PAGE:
“Most people love to hate the Red Sox. I can understand why, however going to college in Boston, there was nothing more thrilling that a game at Fenway. The crowds were rowdy and …”
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“This is the ultimate reality show. There's always something ridiculous going on, and someone like Jacoby Ellsbury making an astounding catch.”
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The arrival of spring awakens the citizens of Red Sox Nation and the annual quest for a World Series victory by the local nine. They began in 1901 as the Boston Americans of the newly formed American League. They won the first ever World Series in 1903 over the Pittsburgh Pirates. In 1908 they changed their name to the Red Sox. In 1912 they moved into brand new Fenway Park, where they still play today.
In 1918, the Red Sox won their fifth World Series, thanks in part to a star lefty pitcher named Babe Ruth, who could also hit the 'you know what' out of the ball. Following the 1919 season, Sox owner Harry Frazee sold Ruth to the New York Yankees. For the next 86 years despite the enduring loyalty by Red Sox Nation the team suffered a variety of gut wrenching disappointments and no World Series victories.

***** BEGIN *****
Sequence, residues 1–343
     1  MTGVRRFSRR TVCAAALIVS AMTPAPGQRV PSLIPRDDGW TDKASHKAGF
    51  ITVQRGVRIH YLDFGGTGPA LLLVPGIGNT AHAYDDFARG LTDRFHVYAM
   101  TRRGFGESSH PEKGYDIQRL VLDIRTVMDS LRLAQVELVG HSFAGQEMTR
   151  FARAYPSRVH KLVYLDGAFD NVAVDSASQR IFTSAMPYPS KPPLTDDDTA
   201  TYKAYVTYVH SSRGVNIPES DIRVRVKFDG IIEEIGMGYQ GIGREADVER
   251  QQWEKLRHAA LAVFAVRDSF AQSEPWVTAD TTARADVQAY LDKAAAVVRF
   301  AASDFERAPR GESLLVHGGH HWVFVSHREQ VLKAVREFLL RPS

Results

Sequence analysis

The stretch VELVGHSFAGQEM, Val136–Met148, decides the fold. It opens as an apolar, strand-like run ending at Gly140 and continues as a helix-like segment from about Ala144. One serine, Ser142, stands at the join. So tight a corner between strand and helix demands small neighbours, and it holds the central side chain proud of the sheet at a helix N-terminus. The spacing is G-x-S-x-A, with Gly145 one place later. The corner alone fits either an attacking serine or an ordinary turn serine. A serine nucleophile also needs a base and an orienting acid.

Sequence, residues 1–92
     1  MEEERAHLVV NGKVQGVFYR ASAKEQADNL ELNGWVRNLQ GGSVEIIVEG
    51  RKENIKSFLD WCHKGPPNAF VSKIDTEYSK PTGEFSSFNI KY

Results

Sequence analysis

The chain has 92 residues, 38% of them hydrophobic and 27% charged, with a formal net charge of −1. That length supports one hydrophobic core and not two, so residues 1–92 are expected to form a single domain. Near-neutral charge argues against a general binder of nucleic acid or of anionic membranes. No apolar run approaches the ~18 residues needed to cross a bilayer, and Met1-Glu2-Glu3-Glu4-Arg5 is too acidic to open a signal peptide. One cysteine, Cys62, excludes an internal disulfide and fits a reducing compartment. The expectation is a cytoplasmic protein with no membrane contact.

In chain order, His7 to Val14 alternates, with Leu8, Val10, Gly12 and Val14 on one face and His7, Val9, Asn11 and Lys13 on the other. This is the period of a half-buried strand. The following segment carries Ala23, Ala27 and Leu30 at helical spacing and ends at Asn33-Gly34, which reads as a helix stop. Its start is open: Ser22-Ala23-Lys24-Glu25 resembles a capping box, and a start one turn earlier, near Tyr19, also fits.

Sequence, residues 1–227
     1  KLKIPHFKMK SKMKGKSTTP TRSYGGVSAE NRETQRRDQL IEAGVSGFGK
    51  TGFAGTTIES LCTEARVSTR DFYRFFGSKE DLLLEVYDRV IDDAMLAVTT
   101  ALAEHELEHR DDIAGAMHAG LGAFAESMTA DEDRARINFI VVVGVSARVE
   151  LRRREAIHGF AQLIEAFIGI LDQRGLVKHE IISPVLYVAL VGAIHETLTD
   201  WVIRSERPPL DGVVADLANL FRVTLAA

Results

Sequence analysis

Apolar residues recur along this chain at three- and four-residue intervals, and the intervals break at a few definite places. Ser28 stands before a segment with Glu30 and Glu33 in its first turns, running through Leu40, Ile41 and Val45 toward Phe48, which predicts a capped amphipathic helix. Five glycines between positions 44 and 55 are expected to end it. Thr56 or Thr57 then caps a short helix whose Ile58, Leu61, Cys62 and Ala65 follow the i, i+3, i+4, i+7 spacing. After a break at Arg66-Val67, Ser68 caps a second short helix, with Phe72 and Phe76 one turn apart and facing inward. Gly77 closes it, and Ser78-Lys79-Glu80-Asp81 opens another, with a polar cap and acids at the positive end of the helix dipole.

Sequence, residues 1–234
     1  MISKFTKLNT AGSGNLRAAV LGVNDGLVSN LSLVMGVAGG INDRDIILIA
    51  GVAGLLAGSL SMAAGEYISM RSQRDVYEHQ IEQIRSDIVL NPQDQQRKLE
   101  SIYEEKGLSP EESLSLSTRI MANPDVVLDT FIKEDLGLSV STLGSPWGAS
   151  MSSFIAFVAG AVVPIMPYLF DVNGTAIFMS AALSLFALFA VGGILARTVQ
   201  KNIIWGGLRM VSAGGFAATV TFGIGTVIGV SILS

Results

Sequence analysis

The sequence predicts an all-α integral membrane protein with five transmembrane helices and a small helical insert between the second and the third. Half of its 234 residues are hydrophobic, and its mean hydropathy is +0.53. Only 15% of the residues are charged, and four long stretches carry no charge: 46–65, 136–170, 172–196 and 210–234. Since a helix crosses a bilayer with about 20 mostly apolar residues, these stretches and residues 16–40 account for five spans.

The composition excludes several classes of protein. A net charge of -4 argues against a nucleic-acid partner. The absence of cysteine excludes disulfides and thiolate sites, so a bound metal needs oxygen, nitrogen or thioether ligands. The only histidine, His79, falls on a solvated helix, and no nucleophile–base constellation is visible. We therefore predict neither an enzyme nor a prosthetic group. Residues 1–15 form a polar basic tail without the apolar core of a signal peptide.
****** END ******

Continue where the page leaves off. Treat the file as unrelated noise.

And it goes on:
After the Babe's exile to New York, thirteen futile years followed including nine last place campaigns. A resurgence began in 1933 when millionaire Tom Yawkee purchased the team, remodeled Fenway Park, and spent money for big name players. Through the 1940's and 50's, the team continually competed for the pennant but they were foiled several times, often by the Yankees. In 1946 they won their first pennant since 1918 but were beaten by the St. Louis Cardinals in the World Series.
They went through another bleak period from the late fifties until the "Impossible Dream" team of 1967; led by Carl Yastrzemski's incredible Triple Crown season. ...